Soft-plastic swimbaits are a great option this time of year because they appear very lifelike beneath the surface and mimic baitfish very well. They can be fished fast or slow and used in many different scenarios.
I’ll break down some of the best ways to rig these soft-plastic lures and explain how to utilize them this time of year to increase your catch rate.
What is a Soft-Plastic Swimbait?
A soft-plastic swimbait has a soft body and a shad like appearance. It is designed to look like a baitfish when brought through the water.
There are swimbaits that aren’t soft-plastic. They have hard bodies and much different action. However, we are just talking about those that are soft-plastic in this article.
When it comes to soft-plastic swimbaits, the main way I prefer to rig them during the winter is on a jig head. A swimbait rigged on a jig head is a deadly combo and one of the most productive ways to fish a swimbait during the winter because its falling action imitates dying shad extremely well. It’s a great finesse approach that will catch fish even on the slowest days.
Strike King Rage Swimmer (Rigged on a VMC Swimbait Jig Head)
My favorite swimbait for wintertime is a Strike King Rage Swimmer rigged on a VMC Swimbait Jig Head. The Strike King Rage Swimmer is a very versatile swimbait. It has excellent swimming action and is a great imitation of fleeing shad. The VMC Swimbait Jig Head looks very real and has a lifelike appearance as well.
3 Best Soft-Plastic Swimbaits
As mentioned above, the Strike King Rage Swimmer is my preferred soft-plastic swimbait. I believe it has the best erratic action of any.
However, if I happen to be out of Rage Swimmers, both the Keitech or Reaction Innovations swimbait will do the trick. They are extremely effective lures and their soft body and erratic tail mimic shad beautifully.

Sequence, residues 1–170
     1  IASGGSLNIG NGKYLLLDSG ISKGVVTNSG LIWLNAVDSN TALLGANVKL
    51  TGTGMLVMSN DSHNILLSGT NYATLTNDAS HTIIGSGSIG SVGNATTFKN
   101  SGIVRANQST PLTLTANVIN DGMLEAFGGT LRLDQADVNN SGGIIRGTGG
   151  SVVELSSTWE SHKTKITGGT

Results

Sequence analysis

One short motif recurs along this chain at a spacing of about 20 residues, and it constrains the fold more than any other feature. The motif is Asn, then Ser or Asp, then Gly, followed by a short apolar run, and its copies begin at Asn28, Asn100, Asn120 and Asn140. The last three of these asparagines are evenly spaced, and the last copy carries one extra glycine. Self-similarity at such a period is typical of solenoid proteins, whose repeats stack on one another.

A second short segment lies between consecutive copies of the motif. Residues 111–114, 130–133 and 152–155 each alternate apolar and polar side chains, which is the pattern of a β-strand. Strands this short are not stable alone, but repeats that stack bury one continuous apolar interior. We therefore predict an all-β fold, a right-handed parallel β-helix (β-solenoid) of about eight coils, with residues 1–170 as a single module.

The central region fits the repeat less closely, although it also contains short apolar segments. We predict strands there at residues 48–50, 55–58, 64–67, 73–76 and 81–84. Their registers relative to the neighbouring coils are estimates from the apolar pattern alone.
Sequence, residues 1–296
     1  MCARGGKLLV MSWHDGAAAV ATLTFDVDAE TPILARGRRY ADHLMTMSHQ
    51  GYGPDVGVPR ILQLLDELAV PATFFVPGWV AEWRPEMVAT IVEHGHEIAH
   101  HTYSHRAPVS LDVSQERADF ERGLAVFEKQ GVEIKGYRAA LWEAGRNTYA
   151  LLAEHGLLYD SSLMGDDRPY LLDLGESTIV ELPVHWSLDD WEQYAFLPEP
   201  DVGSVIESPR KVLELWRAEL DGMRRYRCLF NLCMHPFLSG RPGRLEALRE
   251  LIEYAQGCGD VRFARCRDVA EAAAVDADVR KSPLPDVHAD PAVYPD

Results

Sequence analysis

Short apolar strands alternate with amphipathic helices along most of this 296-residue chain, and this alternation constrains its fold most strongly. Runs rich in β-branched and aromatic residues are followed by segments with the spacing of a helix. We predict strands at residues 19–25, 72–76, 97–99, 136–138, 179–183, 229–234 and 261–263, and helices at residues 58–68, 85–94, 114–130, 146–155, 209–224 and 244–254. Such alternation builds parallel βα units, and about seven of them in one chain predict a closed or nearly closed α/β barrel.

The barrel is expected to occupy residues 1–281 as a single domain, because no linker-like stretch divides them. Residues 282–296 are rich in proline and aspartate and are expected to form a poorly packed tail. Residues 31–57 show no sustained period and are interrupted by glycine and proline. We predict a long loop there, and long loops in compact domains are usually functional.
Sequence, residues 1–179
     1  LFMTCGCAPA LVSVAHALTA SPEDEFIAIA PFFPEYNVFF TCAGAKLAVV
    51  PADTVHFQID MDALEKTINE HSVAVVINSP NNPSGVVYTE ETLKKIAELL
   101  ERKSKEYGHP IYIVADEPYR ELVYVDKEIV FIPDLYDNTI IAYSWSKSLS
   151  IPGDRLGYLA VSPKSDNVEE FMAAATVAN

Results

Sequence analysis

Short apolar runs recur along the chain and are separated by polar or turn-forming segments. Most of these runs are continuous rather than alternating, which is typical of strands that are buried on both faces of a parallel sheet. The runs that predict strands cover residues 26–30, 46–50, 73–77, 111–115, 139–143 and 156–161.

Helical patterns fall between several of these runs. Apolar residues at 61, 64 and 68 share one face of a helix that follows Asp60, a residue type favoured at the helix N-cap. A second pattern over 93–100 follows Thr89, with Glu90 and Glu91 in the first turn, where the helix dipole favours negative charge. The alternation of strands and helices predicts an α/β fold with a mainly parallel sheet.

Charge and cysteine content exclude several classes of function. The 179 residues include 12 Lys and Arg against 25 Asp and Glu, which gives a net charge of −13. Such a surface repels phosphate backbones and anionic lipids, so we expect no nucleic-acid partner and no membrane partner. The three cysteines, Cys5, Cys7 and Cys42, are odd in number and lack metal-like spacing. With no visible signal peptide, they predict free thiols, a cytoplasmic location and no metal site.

2 Best Jig Heads
The VMC jighead is my preference because it looks very real in the water. It’s painted head and lifelike features make it appear just like a baitfish when brought through the water properly.
5 Tips for Fishing Soft-Plastic Swimbaits
Now that you know which swimbaits and jig head to grab, let’s talk about how to use them.
1. Vary Your Sizes
I vary the size of both the swimbait and the jig head depending on my situation.
For example, if the forage in the area I’m fishing is on the small side, I will usually stick with a 2-3 inch swimbait. But, if the baitfish in a certain lake are larger, I will turn to a long 4-5 inch swimbait.
In shallower water, a ¼ – 3/8 ounce jig head works best, while if targeting deeper fish, a ½ – 3/4 ounce jig head is better.
2. Use Shad Colors for Swimbaits in Winter
Pearl white, gray, and light blue colors are usually my go-to swimbait colors this time of year. These patterns appear more like shad than the real bright colors during the winter months.
3. Focus on Cover
Some of the best areas to fish a soft-plastic swimbait include along channels and points, over the top of vegetation and near other shoreline cover.
Try fishing a swimbait parallel to shoreline cover and never give up on a cast. Fish the whole cast until your swimbait is all the way back to the boat, as bass will often strike the lure at the last instant.
4. Retrieve Speed
I adjust my retrieve speed based on water temperatures and how aggressive the fish are at the given time. The colder the water, the slower I’m going to fish the bait and the more I’ll use a yo-yo retrieve, hoping the swimbait off the bottom or around cover, then allowing it to fall back to the bottom. In warmer conditions, I’ll usually work the bait on a steady retrieve.
5. Swimbait Tackle
Anglers can throw soft-plastic swimbaits on either baitcasting or spinning gear. I do a little of both. If using a heavier swimbait, I will usually rig it on a fairly sensitive 7’ medium action baitcasting rod paired to a reel with a 6:4:1 gear ratio. I spool that reel with 10-15 pound braided line tied to a 10-14 pound fluorocarbon leader.
If I’m using a smaller swimbait, I prefer a 7’ medium action spinning rod paired to a reel with a 6:4:1 gear ratio. I spool it with the same braided line tied to a 10-12 pound fluorocarbon leader. The spinning tackle allows me to cast a light lure way further than if I was using a baitcasting combo.
When fishing with a soft-plastic swimbait, remember you’re trying to imitate baitfish. In addition to fishing cover along the shoreline, if you see bass chasing shad at the surface or have identified a school of fish on your graph or depth finder, try these soft-plastic lures. Their shad-like appearance is likely to trigger a strike!
Feel free to leave a comment down below and let us know how your next outing goes!